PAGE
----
“In the absence of the state, or when states are weak, the individual becomes engulfed within the collective groups on which people must rely to advance their goals and vindicate their interests. Legal history and comparative law reveal that without the authority of the state, a host of discrete communal associations rush to fill the vacuum of power. And for most of human history, the primary such group has been the extended family, the clan. . . . Left to their own devices, humans tend to live under clan rule.”

    This paragraph from “The Paradox of Individualism” by Mark S. Weiner, a professor at Rutgers School of Law, published in the Chronicle of Higher Education’s Chronicle Review (April 5, 2013) explains the phenomena Gene Lyons laments, and rightly so. We could look at the way the nation has divided along clan lines as a paradigm for a future with the kind of impotent government Republicans, especially the libertarians among them, say they want. When government failed the Trayvon Martin family, George Zimmerman, and Sanford, Florida, individual liberty did not rise full-blown from the sea like Venus on a half shell. No indeed. All parties just retreated to their own corners, like lobsters in the fish tank at the seafood counter or prize fighters taking their corners in the ring, they know each other well and are prepared to go another round.

  2. disqus_ivSI3ByGmh July 10, 2013

    Looking at the media circus they are calling a trial, one thing definitely sticks out. There is no way the defense could have come up with better witnesses for Zimmerman than the ones called as prosecution witnesses. I have never seen or heard a group of witnesses who could contradict themselves every other sentence like they do.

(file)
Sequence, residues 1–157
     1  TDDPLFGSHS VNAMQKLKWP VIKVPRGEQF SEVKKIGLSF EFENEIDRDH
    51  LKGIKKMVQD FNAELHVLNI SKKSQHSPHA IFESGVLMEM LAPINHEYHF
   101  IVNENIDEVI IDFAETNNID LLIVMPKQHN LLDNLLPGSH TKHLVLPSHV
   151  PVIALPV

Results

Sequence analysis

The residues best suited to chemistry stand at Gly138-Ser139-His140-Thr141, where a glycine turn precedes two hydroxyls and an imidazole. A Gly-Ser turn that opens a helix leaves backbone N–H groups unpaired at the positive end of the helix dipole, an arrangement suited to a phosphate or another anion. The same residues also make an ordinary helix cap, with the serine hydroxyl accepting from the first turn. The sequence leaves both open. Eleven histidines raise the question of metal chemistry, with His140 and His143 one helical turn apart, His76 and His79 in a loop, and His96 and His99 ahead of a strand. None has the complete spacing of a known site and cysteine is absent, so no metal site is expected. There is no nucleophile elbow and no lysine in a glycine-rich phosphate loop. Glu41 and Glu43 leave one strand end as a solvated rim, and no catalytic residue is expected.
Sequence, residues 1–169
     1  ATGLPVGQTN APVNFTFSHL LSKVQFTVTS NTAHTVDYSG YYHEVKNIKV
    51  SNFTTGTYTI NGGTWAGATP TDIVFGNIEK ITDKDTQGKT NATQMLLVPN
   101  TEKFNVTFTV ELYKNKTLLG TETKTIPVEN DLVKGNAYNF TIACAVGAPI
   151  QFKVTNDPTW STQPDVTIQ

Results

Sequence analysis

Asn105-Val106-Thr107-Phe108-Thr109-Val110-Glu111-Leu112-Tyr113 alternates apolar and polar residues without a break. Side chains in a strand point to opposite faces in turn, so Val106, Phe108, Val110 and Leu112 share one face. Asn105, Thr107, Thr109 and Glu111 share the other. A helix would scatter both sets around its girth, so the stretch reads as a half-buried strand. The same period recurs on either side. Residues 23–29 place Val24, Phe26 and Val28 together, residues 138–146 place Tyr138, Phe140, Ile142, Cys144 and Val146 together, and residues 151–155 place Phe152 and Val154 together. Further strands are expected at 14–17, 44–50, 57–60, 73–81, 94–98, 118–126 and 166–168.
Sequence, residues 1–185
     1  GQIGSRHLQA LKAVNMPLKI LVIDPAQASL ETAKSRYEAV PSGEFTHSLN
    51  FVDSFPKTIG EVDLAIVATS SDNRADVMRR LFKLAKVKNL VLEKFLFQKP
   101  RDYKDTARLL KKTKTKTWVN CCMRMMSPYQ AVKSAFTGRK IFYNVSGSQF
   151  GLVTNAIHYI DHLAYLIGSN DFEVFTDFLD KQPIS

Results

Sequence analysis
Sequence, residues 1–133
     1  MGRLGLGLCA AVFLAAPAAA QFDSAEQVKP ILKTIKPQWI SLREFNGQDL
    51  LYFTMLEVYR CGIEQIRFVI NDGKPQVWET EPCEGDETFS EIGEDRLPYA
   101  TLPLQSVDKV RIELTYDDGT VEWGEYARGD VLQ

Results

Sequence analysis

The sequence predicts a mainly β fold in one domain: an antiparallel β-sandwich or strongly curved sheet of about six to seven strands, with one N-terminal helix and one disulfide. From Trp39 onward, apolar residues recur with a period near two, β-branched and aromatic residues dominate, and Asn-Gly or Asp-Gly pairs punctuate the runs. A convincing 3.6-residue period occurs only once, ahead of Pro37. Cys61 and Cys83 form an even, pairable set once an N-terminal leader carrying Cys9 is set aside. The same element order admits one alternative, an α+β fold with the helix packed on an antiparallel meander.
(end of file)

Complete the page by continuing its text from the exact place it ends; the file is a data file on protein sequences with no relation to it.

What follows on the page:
So far the state has come no where near proving a case for Murder 2, and I doubt they have presented sufficient of a case for Manslaughter, either!

  3. Allan Richardson July 10, 2013

    Whether or not George Zimmerman set out to stalk Trayvon Martin because of his dark skin (or for any other reason), and whether or not Trayvon Martin attacked George Zimmerman because he was sick and tired of being “surveilled” by white people wherever he went (or for any other reason), we have no way of knowing. After failing to gather enough evidence while the evidence was there to gather, the law will reach its best possible conclusion in this imperfect trial.

    In the long run, what would make Trayvon Martin’s death and George Zimmerman’s ordeal not be in vain is to look at the social assumptions built into the “unwritten law” followed unconsciously by police and citizens who look at others from a police officer’s point of view, AND the social assumptions of both black and white communities in the way they view each other. Out of personal tragedies CAN come greater understanding if the majority of each group can communicate honestly and openly, and open up to the wisdom of a higher power (whether named God, Jesus, Allah, Buddha, or simply Spirit) and see others as equal in Spirit to themselves.

  4. Chris B July 10, 2013

    Teenage bravado?! Where’s the evidence of that, Mr. Lyons? And if you don’t call it “stalking,” what do you call it when a self-deputized male with a chip on his shoulder decides to follow a guy he mistakenly presumes to be a criminal? With a gun in his possession, no less?! If Martin felt threatened, he had every reason to. And even if he did attack this strange man who was following him, why wouldn’t that be considered self-defense? If I turn the tables on a mugger and break his nose, that doesn’t give him the right to claim self-defense if he shoots me dead. Zimmerman was told not to follow and did anyway, because of which an innocent young man is dead. So, please Mr. Lyons, spare us your false-equivalency.

    1. sigrid28 July 10, 2013

      Excellent point.

  5. pm1 July 11, 2013

    Trayvon Martin was casing working peoples homes, so he could rob them. There is no other explanation for his actions. George Zimmerman, a hard working, gainfully employed resident, reported him. Martin noticed GZ watching him. He walked towards GZ, with his hand in his waistband, and stared right at GZ, as GZ talked to the police. GZ reported this as it happened. A full Six minutes later, there was a confrontation. The location of the confrontation was a one minute casual walk from where Martin was spotted looking into working peoples homes. It seems funny that a ‘scared’, 17 year old, long-legged Black male, that was ‘being followed, and stalked, by a ‘racist vigilante’, “Creepy Assed Cracker”, had only managed to run, a mere one minute’s casual walking distance away, before being caught by an over-weight, 5′ 7″ murderer.

    Yeah, Trayvon was running scared. LOL! “That’s retarded, sir”.